Friday, May 21, 2010

Ibada in Islam (part 2)

This is a continuation of a past post, which can be found by following the link:

Ibada in Islam (part 1)


So what is this concept of slavery that we are getting at? Every other slavery is forced, but this slavery [to Allah] is willing. You walk into this slavery, you accept this slavery yourself. Even in Surat Al Fatiha He [Allah] did not say o'bodo (enslave yourselves, worship and enslave yourselves). Instead, we said

إِيَّاكَ نَعۡبُدُ
eeyaka na'bodo

We declared (we enter into the slavery and worship you only). That's essentially what we said. So now the uniqueness of Allah's mastery is that we enter into this slavery willingly, and secondly instead of being based on anything else, the primary drive of this slavery is that the master is not hated ... the master is loved. It's a different kind of slavery. What were those five conditions that I was referring to before [i.e. in the beginning of the talk on slavery]?

The first of them is actually love. To be a slave of Allah, you have to love Allah. You can't be considered a slave until you love him. And what that love goes to mean is that everything else you love must be less than the love you have for Allah, and everything else you love must be dictated by the love you have for Allah. So you cannot love your wife or your children or your family or whatever, unless that love is taba'an ... it's underneath/in submission to the love you have for Allah. That's the first condition of slavery.

The second is obedience. [la ta'aten le makhlooqen fi ma'seyat al khaliq] the messenger, Allah's Peace and Blessings be upon him, said. I.e.: there is no obedience to the creation while disobeying the creator. In other words, yes you have to obey other things like you have to obey your boss, you have to obey traffic laws, but none of those obedience can exist while you are in disobedience to Allah. That obedience comes first [You don’t get rewarded for the other obedience’s]. That's the second consideration of Allah's slavery. The first one was love, and the second is obedience.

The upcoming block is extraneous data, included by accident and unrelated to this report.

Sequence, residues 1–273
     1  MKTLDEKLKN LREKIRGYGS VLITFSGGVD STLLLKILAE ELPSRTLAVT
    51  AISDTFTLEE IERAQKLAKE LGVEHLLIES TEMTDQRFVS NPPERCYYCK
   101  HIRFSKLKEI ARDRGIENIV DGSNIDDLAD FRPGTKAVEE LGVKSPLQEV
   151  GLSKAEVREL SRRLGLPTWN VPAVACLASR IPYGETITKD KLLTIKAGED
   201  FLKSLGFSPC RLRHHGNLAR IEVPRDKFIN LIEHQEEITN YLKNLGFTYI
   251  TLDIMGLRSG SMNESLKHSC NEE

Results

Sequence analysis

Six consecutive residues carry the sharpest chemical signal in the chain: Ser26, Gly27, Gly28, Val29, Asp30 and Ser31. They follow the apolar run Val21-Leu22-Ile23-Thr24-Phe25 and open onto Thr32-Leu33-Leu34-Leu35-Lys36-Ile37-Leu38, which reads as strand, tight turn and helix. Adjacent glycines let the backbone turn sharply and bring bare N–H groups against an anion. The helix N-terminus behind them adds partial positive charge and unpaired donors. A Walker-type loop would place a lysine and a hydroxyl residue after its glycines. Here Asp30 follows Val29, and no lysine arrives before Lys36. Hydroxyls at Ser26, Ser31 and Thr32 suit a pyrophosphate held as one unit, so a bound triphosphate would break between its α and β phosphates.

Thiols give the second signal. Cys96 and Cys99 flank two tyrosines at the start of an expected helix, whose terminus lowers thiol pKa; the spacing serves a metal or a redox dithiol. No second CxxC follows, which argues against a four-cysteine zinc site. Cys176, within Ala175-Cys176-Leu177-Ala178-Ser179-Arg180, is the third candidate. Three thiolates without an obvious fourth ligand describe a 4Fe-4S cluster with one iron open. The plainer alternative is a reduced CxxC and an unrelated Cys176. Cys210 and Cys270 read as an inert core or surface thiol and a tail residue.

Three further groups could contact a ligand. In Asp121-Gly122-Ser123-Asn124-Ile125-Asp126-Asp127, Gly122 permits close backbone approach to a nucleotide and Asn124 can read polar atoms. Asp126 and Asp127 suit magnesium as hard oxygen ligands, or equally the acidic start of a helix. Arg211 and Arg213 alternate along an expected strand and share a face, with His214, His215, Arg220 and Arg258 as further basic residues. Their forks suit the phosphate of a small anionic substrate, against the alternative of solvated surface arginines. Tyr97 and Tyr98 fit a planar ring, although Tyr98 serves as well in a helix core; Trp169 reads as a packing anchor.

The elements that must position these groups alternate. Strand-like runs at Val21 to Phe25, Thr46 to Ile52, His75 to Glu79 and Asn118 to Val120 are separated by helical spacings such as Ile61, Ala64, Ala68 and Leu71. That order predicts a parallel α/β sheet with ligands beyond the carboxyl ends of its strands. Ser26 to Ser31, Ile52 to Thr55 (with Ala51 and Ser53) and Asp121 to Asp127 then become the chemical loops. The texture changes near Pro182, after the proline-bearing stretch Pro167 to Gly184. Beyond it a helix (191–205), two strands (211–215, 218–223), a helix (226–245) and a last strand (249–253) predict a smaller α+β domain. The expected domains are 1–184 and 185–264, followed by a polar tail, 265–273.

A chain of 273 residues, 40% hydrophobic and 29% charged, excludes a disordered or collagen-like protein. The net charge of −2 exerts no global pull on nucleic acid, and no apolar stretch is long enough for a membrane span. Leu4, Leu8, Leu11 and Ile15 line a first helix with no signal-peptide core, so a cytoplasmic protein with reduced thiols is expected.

The third one is sincerity. What that means is, everything that you do, you do it as a slave now. It's not "somethings" that you do as a slave. If you are a worshiper, only Sala [Muslim prayer] is for Allah while everything else is for you. But if you are a slave, what is everything for? Who is everything for? Everything is for Allah. Everything. Your job is for the sake of Allah, your family is for the sake of Allah, your worship is for the sake of Allah. Everything is for the sake of Allah. But when you just think of yourself as a worshiper you only give one part of your life to Allah, you don't give the whole thing to Allah. So Allah teaches us in the Quran

قُلۡ إِنَّ صَلَاتِى وَنُسُكِى وَمَحۡيَاىَ وَمَمَاتِى لِلَّهِ رَبِّ ٱلۡعَـٰلَمِينَ
[ina salati wa nusuki wa mahaya wa mamati lillahi raab el 3almeen]
My prayer belongs to Allah (it's for his sake) My sacrifice is for his sake, my life and my death are also for his sake

You know what the means practically? It practically means that when I make career goals, when I make family goals, when I make business goals, what is my ultimate agenda? What are these things for? They are for the service of my master. It's a change of attitude. So even with most Muslims today, when we look at the ayat where Allah calls us to become his slaves, what do we reduce it to most of the time? We reduce it to worship. He [Allah] is asking for something WAY more, something huge, something tremendous, instead.

So we got three conditions so far. We got love, obedience and sincerity. Our motives are now directed by Allah, sincerely for the sake of Allah, and that's what's gonna come up in this aya.

Then two more. The next condition is trust. Tawkul. We have to have trust in our master. Btw, just a side note, these five conditions I quote from which scholar? Ibn Taymiya rahmeaho Allah [May Allah have mercy on him]. You have to have absolute trust in this master. Whatever He does, you have to trust is good for you. Whatever He gives you, it's good for you, whatever He didn't give you, He didn't give you coz it's good for you. If you got something, it's from Allah, it's a gift. If you didn't get something there's also good in that, you have to have absolute trust. Whatever may happen, whatever may occur, it is because of Allah's decree:

مَآ أَصَابَ مِن مُّصِيبَةٍ۬ فِى ٱلۡأَرۡضِ وَلَا فِىٓ أَنفُسِكُمۡ إِلَّا فِى ڪِتَـٰبٍ۬ مِّن قَبۡلِ أَن نَّبۡرَأَهَآ
[ma asaba min musebaten fil arthi wa la fee anfosekoum illa fee ketabn min qabli an nabraa-ha lkay la taa-so ala ma fatkoum wa la tafraho ala ma atakoum]
Naught of disaster befalleth in the earth or in yourselves but it is in a Book before we bring it into being

It's simple: whatever you are given in life, you don't become sad over what you lose, you don’t become overjoyed over what you gained, everything is from Allah. Your tawakul is placed, your complete trust and reliance is placed in Allah. So this slave does not put his trust in means. You don't trust your car because it's from a reliable company, you don't trust your family! Instead, your trust in them comes from who? Your trust and your expectations come from Allah, not from your family. When you place your trust in creation you will always be disappointed. When you place your trust in Allah, nothing will disappoint you. Nothing will disappoint you. So this is trust, tawakul.